Rising to the challenge: science, technology and innovation for the benefit of all
Rapidly ageing populations, the impacts of climate change, the ongoing slowdown in productivity growth – trends like these give rise to “grand societal challenges” that increasingly shape the conduct of science, technology and innovation (STI) and societal and policy expectations of their contributions. If well-managed and used in conjunction with social innovation and policy reforms, scientific and technological advances can alleviate many of the grand societal challenges. Along these lines, governments are seeking to redirect technological change towards more economically, socially and environmentally beneficial technologies. This shift has given impetus to a new era of “mission-oriented” STI policy, with governments looking to work more closely with the business sector and civil society to steer the direction of science and technology towards ambitious, socially relevant goals. Such partnerships are important given the private sector is by far the largest investor in STI.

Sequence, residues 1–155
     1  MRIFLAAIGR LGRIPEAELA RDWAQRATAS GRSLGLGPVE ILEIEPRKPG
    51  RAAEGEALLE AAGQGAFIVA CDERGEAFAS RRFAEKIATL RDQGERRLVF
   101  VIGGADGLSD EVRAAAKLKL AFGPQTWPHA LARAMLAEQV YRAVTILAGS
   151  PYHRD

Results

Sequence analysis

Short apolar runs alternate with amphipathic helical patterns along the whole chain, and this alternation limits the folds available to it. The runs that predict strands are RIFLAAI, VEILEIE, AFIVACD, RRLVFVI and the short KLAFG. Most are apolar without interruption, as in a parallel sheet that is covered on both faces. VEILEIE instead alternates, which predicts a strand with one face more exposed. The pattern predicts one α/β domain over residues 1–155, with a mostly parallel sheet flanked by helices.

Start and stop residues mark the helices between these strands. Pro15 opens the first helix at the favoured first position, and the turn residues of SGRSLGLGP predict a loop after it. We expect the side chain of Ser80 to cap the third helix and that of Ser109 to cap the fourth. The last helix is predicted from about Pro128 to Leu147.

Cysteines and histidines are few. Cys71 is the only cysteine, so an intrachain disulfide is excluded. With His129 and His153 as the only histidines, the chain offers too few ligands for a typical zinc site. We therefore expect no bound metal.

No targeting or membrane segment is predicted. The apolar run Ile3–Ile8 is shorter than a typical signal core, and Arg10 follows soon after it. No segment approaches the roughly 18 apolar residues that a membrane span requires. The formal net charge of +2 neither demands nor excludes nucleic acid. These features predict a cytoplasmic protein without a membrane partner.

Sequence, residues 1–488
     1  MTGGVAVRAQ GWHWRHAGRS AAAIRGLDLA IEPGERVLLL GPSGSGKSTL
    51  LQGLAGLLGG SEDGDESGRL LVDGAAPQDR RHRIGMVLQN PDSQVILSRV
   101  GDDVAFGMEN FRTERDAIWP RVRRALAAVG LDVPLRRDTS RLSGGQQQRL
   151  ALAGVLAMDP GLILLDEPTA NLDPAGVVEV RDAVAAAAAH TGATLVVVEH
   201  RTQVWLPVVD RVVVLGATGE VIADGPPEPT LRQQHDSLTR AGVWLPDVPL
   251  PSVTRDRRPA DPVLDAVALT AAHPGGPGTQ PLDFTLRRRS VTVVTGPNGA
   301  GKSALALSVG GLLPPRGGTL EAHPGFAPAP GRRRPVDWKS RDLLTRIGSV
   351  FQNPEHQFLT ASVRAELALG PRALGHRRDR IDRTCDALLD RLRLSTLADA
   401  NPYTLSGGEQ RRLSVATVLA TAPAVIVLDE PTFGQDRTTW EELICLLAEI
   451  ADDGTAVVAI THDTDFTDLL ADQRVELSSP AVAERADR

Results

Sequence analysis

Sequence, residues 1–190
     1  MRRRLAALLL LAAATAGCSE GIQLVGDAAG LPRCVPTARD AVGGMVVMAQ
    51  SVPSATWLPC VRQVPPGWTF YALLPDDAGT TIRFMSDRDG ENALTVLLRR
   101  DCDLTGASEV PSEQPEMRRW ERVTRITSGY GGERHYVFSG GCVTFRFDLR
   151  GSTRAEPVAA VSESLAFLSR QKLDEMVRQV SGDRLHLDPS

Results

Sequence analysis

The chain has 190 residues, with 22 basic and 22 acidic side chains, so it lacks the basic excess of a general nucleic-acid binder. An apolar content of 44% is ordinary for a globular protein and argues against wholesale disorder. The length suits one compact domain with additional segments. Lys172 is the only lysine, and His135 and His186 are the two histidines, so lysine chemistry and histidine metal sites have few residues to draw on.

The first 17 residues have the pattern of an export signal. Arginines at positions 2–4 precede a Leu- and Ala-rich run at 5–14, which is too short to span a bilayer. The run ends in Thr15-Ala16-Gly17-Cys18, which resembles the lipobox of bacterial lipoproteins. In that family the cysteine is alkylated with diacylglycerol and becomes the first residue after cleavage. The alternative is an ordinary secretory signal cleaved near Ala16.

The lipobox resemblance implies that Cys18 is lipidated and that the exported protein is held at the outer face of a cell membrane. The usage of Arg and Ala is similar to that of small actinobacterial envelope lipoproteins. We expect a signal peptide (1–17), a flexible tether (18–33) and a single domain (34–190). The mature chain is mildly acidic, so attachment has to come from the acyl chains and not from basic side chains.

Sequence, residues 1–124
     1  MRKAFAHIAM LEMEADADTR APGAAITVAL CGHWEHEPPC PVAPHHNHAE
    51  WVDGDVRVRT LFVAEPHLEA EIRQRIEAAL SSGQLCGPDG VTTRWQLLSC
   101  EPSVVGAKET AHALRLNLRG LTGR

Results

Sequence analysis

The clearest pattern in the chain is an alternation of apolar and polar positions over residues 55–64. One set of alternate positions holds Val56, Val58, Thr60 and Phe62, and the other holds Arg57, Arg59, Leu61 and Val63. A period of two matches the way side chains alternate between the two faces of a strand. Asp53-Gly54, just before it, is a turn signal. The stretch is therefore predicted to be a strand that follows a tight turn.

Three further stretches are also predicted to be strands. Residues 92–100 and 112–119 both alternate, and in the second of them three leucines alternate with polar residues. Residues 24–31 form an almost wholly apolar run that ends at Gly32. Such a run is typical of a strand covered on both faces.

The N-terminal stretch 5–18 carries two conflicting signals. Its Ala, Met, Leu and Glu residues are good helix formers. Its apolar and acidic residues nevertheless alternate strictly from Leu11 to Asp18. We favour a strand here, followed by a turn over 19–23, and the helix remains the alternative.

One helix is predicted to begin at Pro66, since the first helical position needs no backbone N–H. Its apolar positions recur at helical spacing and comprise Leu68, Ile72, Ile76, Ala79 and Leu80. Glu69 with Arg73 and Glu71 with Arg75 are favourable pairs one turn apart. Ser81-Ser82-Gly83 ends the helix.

However, current trends in public research and development (R&D) spending may not be commensurate with the corresponding ambition and challenges delineated in mission-oriented policies. Since 2010, government’s direct funding of R&D expenditures in the OECD as a whole and in almost all Group of Seven countries have stagnated or decreased, not only in real value and relative to gross domestic product, but also as a share of total government expenditures.